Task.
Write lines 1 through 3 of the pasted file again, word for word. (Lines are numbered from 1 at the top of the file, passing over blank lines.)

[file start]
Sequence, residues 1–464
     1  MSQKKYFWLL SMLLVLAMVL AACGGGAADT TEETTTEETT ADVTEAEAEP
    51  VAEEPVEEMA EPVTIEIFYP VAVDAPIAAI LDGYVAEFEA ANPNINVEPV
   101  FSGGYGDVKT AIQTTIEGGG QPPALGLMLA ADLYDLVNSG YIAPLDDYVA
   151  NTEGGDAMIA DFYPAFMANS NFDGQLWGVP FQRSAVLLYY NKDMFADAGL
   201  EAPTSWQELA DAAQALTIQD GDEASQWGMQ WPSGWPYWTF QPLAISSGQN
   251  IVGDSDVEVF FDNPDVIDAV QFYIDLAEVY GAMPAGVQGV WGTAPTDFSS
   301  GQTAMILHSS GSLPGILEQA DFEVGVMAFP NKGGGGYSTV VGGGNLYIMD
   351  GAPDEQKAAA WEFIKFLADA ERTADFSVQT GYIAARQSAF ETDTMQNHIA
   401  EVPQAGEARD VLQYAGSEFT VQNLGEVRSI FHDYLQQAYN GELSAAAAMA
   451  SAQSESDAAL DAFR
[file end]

Sequence, residues 1–464
     1  MSQKKYFWLL SMLLVLAMVL AACGGGAADT TEETTTEETT ADVTEAEAEP
    51  VAEEPVEEMA EPVTIEIFYP VAVDAPIAAI LDGYVAEFEA ANPNINVEPV